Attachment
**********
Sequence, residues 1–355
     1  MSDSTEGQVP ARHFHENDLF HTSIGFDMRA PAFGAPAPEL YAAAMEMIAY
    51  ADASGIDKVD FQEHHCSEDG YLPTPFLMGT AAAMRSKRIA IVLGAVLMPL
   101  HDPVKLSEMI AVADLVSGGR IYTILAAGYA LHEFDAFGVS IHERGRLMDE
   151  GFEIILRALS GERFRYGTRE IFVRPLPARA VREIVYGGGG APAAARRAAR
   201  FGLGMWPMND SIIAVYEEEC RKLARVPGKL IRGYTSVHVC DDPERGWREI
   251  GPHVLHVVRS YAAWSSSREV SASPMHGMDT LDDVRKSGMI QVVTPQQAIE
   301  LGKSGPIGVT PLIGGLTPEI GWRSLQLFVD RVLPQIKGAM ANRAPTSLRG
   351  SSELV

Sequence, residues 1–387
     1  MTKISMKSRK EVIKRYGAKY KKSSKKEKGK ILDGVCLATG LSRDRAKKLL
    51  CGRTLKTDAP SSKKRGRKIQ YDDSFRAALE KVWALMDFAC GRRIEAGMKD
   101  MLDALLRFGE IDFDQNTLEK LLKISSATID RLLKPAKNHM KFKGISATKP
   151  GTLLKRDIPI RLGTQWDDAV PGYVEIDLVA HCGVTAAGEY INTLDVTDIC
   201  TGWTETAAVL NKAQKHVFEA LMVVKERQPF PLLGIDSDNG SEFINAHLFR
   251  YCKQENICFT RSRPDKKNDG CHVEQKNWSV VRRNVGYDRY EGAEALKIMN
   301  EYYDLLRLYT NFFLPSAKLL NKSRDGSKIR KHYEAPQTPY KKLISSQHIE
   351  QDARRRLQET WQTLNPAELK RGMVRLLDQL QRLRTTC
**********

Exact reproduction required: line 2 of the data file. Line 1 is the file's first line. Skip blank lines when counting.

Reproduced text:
     1  MSDSTEGQVP ARHFHENDLF HTSIGFDMRA PAFGAPAPEL YAAAMEMIAY